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Physical Security at Banks Models Best Practices for Cybersecurity

As the cybersecurity landscape continues to shift, new threats require new solutions

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  • Written by  Mike O’Malley, VP of Strategy, Radware
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  • Comments:   DISQUS_COMMENTS
Physical Security at Banks Models Best Practices for Cybersecurity

There’s no question – cyber threats are one of the most pressing issues in financial services. According to a report by the Identity Theft Resource Center and the Generali Global Assistance, financial institutions are hit by cyberattacks 300 times more frequently than businesses in other industries, and we’re seeing companies take notice. In fact, in his annual letter this year, JPMorgan Chase CEO Jamie Dimon called cybersecurity the “biggest threat” to the financial services industry and wrote that JPMorgan Chase spends nearly $600 million each year on cybersecurity. 

As the cybersecurity landscape continues to shift, new threats require new solutions. The challenge is how to identify the priority threats, select the solutions that deliver the best ROI and stretch dollars to maximize your organization’s protection. 

So how can you best simplify the decision-making process? Use an analogy. Consider the physical security measures at banks. It makes the perfect analogy, because banks are just like applications or computing environments; both contain valuables that criminals are eager to steal.

  1. The first line of defense at a bank is the front door, which is designed to allow people to enter and leave while providing a first layer of defense against thieves. Network firewalls fulfill the same role within the realm of cyber security.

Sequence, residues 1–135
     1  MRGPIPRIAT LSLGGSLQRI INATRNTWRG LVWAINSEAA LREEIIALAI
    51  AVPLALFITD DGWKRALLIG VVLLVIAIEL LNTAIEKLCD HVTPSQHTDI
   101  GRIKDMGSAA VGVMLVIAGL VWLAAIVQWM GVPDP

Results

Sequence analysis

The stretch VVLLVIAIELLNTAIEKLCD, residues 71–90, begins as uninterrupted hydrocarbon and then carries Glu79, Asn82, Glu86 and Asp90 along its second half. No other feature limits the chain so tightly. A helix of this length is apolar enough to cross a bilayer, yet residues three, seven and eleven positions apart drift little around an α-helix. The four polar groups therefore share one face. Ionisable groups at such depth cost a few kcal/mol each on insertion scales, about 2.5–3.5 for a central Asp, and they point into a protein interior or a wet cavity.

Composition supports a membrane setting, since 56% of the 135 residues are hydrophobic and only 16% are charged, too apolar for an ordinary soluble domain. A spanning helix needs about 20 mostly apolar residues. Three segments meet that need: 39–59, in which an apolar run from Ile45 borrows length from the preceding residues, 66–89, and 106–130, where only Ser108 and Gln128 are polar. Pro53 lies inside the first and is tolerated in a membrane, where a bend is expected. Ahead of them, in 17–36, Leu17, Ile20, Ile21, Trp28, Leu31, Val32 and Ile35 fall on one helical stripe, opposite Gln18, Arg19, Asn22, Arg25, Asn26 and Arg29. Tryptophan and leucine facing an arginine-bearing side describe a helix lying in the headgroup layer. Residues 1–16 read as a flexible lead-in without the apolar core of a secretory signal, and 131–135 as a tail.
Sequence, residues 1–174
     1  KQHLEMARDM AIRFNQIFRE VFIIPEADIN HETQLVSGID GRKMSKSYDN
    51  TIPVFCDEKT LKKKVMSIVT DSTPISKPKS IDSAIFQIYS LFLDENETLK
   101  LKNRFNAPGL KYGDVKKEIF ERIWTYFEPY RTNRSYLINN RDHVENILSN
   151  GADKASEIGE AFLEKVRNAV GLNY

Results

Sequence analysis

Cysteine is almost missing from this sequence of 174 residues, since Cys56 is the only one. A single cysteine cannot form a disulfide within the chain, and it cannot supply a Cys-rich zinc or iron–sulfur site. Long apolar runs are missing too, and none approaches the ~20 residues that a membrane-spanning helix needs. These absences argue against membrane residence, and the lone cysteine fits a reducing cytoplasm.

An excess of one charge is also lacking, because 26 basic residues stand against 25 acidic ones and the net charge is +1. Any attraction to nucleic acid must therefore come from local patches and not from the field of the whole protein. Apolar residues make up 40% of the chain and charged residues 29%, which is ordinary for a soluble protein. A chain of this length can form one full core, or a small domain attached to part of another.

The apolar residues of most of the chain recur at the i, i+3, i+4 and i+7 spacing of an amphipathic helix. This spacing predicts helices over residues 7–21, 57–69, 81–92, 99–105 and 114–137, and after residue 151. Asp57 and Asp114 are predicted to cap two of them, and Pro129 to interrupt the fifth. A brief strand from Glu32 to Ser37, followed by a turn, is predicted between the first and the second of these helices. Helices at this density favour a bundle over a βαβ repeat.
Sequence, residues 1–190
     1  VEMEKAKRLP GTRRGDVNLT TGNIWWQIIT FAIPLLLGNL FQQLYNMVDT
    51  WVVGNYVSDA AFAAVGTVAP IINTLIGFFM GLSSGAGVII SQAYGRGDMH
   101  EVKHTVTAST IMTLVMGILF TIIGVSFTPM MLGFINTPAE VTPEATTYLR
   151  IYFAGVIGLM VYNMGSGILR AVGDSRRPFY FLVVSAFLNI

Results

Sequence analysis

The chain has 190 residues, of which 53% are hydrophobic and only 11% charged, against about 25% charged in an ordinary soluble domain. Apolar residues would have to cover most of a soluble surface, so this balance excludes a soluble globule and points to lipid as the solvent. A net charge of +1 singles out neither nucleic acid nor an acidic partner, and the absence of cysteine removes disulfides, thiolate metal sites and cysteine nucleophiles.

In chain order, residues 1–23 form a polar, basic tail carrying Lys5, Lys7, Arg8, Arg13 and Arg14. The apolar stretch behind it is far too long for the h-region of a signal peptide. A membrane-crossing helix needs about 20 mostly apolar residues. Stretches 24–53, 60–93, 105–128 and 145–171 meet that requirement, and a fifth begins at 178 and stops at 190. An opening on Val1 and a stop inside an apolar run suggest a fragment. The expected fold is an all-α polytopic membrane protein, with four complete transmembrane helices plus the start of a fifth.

2. Past the entrance there is often a security guard, which serves as an Intrusion Prevention System (IPS) or anti-malware device. This “security guard,” which is typically anti-malware and/or heuristic-based IPS function, seeks to identify unusual behaviors or other indicators that signal that trouble has entered the bank, such as somebody wearing a ski mask or perhaps carrying a concealed weapon.

  3. Once hackers get past these perimeter security measures, they find themselves at the presentation layer of the application, or in the case of a bank, the teller. There is security here as well. Firstly, authentication (do you have an account) and second, two-factor authentication (an ATM card/security pin). IPS and anti-malware devices work in concert with Security Information and Event Management solutions to serve as security cameras, performing additional security checks. Just like a bank leveraging the FBI’s Most Wanted List, these solutions leverage crowd sourcing and big-data analytics to analyze data from a massive global community and identify bank-robbing malware in advance.

  4. A robber will often demand access to the bank’s vault. In the realm of IT, this is the database, where valuable information such as passwords, credit card or financial transaction information or healthcare data is stored.

As in the physical world, there are several ways of protecting this data, or at the very least, monitoring it. But first, cybersecurity models must adapt to meet future threats. To understand how and why cybersecurity models will need to change, we will review three obstacles financial institutions have to overcome in the near future: advanced distributed denial of service (DDoS) mitigation, encrypted cyber-attacks and DevOps and Agile software development.

Adapting for the Future: DDoS Migration 

A DDoS attack is any cyber-attack that compromises a company’s website or network and impairs the organization’s ability to conduct business. During a DDoS attack, there’s an attempt to stop legitimate visitors from accessing data that’s normally available on a website, accessing private data, vandalizing a site or completely shutting down a service.